In all probability, the learned judge reached the above conclusion on the basis of the statements of claim. Counsel for all three respondents in these actions, as well as counsel for Mr Lee and Mr Goh, were quick to inform this court that at the time of the assessment of damages before the learned judge, they did not deliberately suppress the fact concerning who released the police reports to the media. They would have offered the court all the relevant facts, but it did not occur to them at the time, as the matter was never raised. We accept their explanation. It is quite clear that the oversight was unintentional.

184 In our opinion, as Mr Tang was not responsible for the republications, it must follow that the damage occasioned by the republications of the police report in question by the media cannot be attributed to Mr Tang. This is a very material fact in the assessment of damages.

186 Reverting to these cases before us, we think the circulation of the report was very limited. The report was published to a few police officers at most, and there was certainly no evidence of a wide circulation of the reports even among the officers. In view of this, the amounts awarded below obviously cannot stand and must be considerably reduced.

(See the Court of Appeal judgment, cited as [1997] 3 SLR(R) 576)

So it is important to note 2 things – First that Tang’s damages were reduced on appeal because of the discovery of the above error in Justice Chao’s judgment.  Part of the reason for the error was because the issue of whether Tang caused the republication was never raised.

JBJ’s Court proceedings

In JBJ’s trial, which took place after or very closely with Tang’s lawsuits and appeals, this matter had already been put to rest. We note from the judgment by Justice S Rajendran that his Honour had said, regarding JBJ’s defamation:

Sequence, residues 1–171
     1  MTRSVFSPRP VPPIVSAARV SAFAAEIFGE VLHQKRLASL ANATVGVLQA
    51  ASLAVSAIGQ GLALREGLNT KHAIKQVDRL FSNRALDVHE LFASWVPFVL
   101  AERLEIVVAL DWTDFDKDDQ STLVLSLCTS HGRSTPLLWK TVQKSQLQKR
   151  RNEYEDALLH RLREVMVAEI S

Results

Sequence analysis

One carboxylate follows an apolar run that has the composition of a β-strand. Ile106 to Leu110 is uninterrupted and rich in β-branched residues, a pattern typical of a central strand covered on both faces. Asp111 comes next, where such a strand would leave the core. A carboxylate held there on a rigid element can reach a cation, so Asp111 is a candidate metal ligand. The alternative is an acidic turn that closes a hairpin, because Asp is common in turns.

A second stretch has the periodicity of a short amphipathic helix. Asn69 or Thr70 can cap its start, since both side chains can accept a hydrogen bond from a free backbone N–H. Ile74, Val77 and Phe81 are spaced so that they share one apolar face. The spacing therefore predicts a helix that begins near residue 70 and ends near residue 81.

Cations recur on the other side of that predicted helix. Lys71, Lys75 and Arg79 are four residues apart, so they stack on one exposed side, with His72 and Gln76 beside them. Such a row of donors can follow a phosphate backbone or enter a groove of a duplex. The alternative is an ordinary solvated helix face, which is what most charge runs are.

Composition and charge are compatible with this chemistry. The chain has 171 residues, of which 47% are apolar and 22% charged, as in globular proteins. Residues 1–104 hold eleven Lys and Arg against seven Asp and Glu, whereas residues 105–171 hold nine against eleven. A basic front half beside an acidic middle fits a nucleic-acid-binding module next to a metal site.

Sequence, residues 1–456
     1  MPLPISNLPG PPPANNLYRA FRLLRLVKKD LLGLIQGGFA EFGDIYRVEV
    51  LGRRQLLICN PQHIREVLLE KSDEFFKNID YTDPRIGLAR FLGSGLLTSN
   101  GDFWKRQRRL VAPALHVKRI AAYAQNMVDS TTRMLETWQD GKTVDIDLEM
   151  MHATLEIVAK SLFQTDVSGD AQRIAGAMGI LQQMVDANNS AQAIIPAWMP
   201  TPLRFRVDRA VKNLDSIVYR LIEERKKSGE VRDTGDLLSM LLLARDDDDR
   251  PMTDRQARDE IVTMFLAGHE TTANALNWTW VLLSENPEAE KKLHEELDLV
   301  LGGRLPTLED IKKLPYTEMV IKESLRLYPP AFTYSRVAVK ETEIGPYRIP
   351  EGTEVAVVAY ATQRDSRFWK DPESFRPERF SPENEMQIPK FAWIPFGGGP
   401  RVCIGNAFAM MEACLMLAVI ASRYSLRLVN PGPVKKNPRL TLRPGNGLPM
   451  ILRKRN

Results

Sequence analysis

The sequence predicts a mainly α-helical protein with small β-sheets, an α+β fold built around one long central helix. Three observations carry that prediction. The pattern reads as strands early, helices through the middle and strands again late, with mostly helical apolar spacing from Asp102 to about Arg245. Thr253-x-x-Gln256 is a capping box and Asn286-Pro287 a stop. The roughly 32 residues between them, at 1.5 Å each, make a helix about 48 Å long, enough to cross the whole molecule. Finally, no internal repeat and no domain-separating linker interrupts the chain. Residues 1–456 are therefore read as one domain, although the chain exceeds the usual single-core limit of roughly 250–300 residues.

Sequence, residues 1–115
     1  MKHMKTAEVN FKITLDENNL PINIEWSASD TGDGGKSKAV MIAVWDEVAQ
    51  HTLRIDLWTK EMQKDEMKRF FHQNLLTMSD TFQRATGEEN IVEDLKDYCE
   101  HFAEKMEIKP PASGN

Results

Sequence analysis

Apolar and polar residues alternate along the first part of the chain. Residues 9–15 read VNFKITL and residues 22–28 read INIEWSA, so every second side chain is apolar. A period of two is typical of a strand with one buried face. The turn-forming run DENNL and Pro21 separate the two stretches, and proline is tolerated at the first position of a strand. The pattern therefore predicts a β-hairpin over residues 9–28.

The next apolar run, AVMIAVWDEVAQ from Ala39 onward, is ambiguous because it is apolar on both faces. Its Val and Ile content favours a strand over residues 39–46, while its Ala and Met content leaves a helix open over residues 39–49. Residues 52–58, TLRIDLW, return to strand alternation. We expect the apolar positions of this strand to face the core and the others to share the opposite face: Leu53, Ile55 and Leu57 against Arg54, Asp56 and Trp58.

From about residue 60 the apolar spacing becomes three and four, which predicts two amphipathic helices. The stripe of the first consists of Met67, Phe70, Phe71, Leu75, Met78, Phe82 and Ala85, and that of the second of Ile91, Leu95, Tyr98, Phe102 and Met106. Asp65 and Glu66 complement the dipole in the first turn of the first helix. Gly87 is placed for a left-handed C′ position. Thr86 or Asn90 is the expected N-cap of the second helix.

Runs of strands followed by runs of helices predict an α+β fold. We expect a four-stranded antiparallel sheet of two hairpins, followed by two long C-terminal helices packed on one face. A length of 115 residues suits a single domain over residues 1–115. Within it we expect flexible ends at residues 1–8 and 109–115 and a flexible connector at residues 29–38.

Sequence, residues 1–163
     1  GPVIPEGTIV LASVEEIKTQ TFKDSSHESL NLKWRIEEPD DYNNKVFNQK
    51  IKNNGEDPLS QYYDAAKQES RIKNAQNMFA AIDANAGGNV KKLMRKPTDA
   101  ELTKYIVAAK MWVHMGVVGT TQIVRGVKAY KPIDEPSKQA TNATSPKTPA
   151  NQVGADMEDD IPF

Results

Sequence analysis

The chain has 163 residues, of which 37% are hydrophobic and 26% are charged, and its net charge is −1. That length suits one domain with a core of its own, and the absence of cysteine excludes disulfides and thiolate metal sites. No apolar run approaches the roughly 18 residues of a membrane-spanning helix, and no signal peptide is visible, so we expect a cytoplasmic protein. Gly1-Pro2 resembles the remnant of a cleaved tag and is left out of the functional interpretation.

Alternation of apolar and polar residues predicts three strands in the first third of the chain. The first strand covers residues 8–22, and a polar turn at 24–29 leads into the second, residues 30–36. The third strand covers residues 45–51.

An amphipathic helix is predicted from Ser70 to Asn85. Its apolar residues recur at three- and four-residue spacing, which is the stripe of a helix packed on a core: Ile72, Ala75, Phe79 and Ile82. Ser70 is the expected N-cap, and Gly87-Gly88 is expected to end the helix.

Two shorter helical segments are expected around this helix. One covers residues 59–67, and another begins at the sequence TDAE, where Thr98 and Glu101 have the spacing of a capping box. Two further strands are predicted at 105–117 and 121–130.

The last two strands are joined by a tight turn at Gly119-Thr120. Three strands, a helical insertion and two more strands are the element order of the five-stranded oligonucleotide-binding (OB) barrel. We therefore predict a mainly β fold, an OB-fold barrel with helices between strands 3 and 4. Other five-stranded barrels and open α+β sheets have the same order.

185 This suit does not concern the publication of the contents of the police reports. The defendant is not liable for the text of the police reports made by Mr Tang as they were not adopted by him. He did not read out the report or release it to the press. The defendant is not liable for the republication of the text of the reports by the newspapers. …”

(See the judgment, cited as [1997] 3 SLR(R) 46)


Likewise, when the matter reached the Court of Appeal, the Court of Appeal made it clear that it was unconcerned with the defamation made in Tang’s case:

“50 The present case is not concerned with whether or not Mr Jeyaretnam repeated Mr Tang’s statements. Nor was he sued for the allegations made by Mr Tang. What he was sued for was the announcement he made and the implication arising from his announcement that Mr Tang had filed police reports against Mr Goh. The only question was whether that statement was defamatory and we have held that it was, both in the ordinary sense and by the innuendo we have discussed.”

(See the judgment cited as [1998] 2 SLR(R) 971)

In other words, Bertha’s original revelation, even if true (which it isn’t!), would not have changed the outcome for JBJ’s case.



As a final note, we should point out something about Bertha Henson’s article that has not been corrected.  Bertha mentions that the 1 January 1997 rally “ended dramatically with Mr Jeyaretnam holding up a few pieces of paper in his hand”.

Apparently, that never happened.

Justice S Rajendran, who decided the JBJ case at trial, viewed the videotape of the rally and had this to say in his judgment:

The following is the narrative published in the Business Times on the same day in an article entitled “WP’s Tang refuses to apologise, so PAP leaders sue”:

“Just before the rally ended, party leader JB Jeyaretnam told the large crowd that Mr Tang had filed two police reports against Prime MinisterGoh and the PAP. The WP leader did not give details of the police reports, but held them up to the crowd.”

The statement in the Business Times that the defendant held the reports up to the crowd is not borne out by the videotape.”


*We regret that due to the copyright inherent in the Singapore Academy of Law’s publications, we are unable to share the judgments which we purchased to verify the article.  You are advised to purchase each judgment from the Singapore Academy of Law to replicate our above factcheck.